What Living Among Arab Women Has Taught Me About Women’s Empowerment

By Yana Spencer

I moved to the Middle East five years ago, having previously lived and worked on women’s empowerment projects in South-East Asia, Europe, Africa and the Balkans. I was ready to roll up my sleeves and begin some hard work. According to the World Economic Forum’s Gender Gap Report 2022, it will take a whopping 115 years to close the gender gap in the Middle East and North Africa; so my expectations of female power in the region, both inside the home and beyond it, were low.

Back then, little did I know of the journey I was about to embark on – meeting warm and hard-working women, determined to smash the glass ceiling, who would teach me some important lessons.

Lesson #1: Hard work pays off.

In 2020, the highest percentage of female literacy in the Middle East and North Africa (MENA) region was in Jordan at about 97.8 percent. Eleven countries have attained a literacy rate of 90% and over, well above the world average of 87.6% (Jordan, UAE, Bahrain, Syria, Qatar, Kuwait, Algeria, Libya, Saudi Arabia, Oman, Tunisia). The Middle East has a thriving tradition of learning and academic progress, especially for girls.

My female Omani friend, from a small village near Muscat, is in her late twenties and is the first woman in her family to hold bachelor’s degree. She worked extremely hard, spending evenings and weekends studying non-stop to win a government scholarship to study finance and has often told me stories of the intense competition she faced from other girls in achieving her dream. Her dad was very proud of her academic achievements and ring-fenced her studies, explaining to her future husband that her education had to come first; marriage could wait.

Looking back on years of hardship, even missing out on the fun during Eid festivals, my Omani friend says it was all worthwhile, as her qualification has not only given her access to stable employment but is also the ‘wind beneath her wings’; her self-confidence serving to inspire her nieces who are following her lead, pursuing their own career goals of becoming a teacher, doctor, and professional musician.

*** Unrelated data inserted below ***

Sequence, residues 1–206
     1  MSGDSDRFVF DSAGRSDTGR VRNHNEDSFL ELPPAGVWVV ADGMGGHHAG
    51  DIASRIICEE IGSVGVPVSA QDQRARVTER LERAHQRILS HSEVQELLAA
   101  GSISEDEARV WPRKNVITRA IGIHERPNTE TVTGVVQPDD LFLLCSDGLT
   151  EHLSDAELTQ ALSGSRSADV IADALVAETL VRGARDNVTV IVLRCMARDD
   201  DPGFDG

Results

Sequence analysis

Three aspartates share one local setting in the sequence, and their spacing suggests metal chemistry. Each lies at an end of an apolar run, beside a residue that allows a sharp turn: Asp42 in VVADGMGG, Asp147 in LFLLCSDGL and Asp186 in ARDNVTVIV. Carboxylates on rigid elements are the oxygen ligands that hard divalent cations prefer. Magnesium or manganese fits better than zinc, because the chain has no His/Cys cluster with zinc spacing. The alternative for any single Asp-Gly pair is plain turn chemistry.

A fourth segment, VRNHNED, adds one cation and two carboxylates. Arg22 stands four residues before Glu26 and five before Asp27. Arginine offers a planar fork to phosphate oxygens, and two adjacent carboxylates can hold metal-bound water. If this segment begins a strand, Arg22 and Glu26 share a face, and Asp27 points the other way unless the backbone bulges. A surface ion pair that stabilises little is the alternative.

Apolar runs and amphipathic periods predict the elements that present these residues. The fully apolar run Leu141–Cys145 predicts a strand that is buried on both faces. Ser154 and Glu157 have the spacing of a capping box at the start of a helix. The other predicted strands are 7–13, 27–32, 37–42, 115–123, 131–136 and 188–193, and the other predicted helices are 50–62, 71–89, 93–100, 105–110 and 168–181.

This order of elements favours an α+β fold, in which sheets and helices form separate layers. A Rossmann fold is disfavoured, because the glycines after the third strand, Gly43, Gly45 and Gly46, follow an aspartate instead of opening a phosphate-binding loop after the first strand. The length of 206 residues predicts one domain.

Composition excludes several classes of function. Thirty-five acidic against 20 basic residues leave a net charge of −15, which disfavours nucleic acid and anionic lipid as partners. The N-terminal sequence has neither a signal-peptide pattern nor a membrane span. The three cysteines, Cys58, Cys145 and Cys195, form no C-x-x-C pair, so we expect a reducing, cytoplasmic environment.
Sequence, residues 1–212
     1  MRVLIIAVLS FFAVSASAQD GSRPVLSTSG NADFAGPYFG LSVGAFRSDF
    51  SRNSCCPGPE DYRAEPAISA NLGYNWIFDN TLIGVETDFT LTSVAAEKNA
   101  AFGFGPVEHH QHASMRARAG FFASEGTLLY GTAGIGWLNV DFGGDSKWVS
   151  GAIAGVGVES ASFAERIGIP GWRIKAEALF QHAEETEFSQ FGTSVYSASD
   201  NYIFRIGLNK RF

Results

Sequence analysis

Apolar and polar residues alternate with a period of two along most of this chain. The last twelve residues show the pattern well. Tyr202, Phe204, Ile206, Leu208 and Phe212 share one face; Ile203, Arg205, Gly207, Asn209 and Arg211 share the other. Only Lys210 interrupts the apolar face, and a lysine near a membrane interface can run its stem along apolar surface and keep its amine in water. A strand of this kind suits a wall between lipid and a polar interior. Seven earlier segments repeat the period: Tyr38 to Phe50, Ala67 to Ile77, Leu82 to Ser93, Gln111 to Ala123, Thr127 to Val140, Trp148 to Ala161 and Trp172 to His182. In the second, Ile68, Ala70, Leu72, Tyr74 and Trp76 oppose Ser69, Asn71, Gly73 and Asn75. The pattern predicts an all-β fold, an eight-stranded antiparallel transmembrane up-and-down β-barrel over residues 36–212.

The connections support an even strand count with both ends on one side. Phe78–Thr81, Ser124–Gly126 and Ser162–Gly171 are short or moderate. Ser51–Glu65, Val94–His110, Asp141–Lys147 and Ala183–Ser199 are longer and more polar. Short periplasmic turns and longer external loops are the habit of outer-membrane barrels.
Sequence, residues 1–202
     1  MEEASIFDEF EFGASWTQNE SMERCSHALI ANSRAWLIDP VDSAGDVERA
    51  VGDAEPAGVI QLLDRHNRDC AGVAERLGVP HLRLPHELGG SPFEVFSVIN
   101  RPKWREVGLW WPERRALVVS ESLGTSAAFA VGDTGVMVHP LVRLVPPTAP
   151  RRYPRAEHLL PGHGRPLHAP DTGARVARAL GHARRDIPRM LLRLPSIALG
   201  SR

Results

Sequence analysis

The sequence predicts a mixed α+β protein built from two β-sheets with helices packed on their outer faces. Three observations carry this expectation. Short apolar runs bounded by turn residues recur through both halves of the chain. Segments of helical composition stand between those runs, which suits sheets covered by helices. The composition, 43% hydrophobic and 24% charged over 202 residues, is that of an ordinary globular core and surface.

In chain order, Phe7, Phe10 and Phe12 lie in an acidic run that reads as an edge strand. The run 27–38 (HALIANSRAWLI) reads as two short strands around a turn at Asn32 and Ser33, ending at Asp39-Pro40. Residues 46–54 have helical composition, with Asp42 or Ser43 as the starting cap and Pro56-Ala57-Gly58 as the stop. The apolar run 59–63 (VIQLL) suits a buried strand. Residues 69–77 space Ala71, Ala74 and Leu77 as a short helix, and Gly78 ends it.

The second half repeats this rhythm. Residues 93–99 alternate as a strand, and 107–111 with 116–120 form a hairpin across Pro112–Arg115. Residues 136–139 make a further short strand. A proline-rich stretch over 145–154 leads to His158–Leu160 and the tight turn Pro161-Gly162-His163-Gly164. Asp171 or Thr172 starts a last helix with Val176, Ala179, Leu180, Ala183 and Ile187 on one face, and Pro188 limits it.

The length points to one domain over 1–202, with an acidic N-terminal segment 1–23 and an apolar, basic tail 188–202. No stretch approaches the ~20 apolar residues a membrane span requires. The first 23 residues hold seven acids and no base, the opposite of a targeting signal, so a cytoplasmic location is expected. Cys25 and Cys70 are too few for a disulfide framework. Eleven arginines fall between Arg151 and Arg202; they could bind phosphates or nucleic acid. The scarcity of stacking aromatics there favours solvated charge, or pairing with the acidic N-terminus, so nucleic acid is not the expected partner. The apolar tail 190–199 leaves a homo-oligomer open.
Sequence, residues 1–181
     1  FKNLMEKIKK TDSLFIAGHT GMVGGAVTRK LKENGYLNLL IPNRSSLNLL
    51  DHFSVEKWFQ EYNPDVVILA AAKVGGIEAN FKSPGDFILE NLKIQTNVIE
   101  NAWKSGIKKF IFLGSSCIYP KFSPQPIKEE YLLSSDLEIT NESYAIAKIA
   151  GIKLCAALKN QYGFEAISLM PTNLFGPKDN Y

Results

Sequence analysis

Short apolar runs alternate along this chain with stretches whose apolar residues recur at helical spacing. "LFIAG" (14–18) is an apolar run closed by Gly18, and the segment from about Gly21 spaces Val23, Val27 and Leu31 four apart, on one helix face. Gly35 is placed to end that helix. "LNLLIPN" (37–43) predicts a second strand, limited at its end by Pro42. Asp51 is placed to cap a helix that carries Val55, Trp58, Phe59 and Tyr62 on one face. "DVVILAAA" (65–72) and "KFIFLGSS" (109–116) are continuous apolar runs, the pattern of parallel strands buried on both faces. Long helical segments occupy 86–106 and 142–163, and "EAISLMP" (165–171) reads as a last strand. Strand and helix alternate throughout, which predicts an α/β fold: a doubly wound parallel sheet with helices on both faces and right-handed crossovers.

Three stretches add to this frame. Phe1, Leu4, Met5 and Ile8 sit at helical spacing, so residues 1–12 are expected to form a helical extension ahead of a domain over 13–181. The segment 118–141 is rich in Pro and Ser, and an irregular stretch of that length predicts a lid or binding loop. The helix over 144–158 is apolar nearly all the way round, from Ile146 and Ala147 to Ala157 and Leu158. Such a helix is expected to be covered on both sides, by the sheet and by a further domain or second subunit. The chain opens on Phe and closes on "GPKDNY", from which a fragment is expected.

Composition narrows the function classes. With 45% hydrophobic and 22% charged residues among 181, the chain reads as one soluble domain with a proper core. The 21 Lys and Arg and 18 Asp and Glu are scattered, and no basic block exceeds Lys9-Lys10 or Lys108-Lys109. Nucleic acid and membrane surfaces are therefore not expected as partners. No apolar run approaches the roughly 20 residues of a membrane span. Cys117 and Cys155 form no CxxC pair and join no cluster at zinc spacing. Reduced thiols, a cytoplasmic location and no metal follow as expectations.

Lesson #2: Seize entrepreneurial opportunities.

Women make up a mere 19 percent of the workforce in the MENA region. A sobering statistic given the high rate of education among women and their desire to work. Despite facing challenges such as gender stereotyping, a lack of safe public transport, difficulties with childcare and scarcity of jobs in general, the women I have met are unperturbed, turning obstacles into opportunities – like those setting up women-led social enterprises.

Female entrepreneurship in the UAE alone grew 68 percent as the pandemic struck, according to LinkedIn data. While not many make it to the level of Huda Kattan (the woman behind the famous Huda Beauty brand), at a typical women’s gathering you will most likely taste some halwa (an Arabic sweet) and ice cream produced by a local women-led enterprise, use henna stickers printed by someone’s aunt’s small business, order some flower bouquet or sweets basket from your colleague’s hobby-turned-side-line business, and the majority of beauty salons are run by passionate beauticians rather than big name franchises.

I still refuse to buy oud from big shops, as nothing compares to those fragrances produced by small enterprises in Oman, run by a few women. Not forgetting that all the souvenirs I order come from a cooperative in the fishing village of Sidab, where local ladies support their families with newly learned crafts as well as offering the best hospitality experience. They refuse to be just another unemployment statistic and rise to the challenge of making their businesses a success.